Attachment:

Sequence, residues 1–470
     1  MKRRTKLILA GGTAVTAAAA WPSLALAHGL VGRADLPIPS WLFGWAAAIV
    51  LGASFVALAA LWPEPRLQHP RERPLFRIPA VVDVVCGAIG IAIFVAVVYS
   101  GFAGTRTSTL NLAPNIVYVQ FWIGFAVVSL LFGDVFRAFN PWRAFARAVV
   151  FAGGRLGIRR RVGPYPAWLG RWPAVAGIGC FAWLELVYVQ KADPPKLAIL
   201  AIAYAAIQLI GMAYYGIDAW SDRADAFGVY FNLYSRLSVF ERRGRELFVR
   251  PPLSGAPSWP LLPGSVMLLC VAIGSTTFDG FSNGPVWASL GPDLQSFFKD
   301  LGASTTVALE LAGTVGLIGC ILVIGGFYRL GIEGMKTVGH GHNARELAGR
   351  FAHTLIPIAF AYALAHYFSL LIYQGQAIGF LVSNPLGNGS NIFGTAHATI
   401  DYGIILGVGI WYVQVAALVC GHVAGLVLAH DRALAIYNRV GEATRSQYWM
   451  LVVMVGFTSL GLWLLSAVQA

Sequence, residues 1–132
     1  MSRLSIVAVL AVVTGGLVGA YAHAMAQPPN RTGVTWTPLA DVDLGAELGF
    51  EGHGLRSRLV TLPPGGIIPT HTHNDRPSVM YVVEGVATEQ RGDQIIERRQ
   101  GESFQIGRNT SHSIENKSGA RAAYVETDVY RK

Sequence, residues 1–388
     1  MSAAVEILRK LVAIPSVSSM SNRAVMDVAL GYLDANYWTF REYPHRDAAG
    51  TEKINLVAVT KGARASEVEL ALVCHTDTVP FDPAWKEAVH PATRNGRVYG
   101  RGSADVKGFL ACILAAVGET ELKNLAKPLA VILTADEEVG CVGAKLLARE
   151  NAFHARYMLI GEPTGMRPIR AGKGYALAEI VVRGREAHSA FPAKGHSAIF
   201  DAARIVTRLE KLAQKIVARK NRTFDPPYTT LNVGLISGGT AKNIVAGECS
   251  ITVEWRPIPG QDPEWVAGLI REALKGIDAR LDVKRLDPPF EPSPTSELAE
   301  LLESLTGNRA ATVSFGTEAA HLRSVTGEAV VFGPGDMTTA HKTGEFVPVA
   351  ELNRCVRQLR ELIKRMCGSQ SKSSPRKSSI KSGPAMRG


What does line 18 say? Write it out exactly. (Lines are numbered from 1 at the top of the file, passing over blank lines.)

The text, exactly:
    51  TEKINLVAVT KGARASEVEL ALVCHTDTVP FDPAWKEAVH PATRNGRVYG